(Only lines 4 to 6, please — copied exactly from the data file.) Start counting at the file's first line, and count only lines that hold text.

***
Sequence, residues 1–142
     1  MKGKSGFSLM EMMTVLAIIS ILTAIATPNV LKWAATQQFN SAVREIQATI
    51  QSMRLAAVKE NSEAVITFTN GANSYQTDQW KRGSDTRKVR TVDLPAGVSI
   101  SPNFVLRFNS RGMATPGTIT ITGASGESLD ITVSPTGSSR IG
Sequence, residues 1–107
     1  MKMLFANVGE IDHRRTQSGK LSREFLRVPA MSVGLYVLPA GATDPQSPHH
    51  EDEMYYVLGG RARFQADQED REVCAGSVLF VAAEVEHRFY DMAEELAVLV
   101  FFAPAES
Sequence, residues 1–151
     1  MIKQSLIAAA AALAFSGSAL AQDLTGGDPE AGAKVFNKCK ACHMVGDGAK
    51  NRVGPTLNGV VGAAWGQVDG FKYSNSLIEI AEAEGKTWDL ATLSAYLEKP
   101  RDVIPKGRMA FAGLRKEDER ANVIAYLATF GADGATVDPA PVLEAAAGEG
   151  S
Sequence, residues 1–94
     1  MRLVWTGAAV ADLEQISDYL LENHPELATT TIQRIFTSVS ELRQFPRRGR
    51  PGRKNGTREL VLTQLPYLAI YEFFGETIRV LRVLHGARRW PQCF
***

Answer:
   101  SPNFVLRFNS RGMATPGTIT ITGASGESLD ITVSPTGSSR IG
Sequence, residues 1–107
     1  MKMLFANVGE IDHRRTQSGK LSREFLRVPA MSVGLYVLPA GATDPQSPHH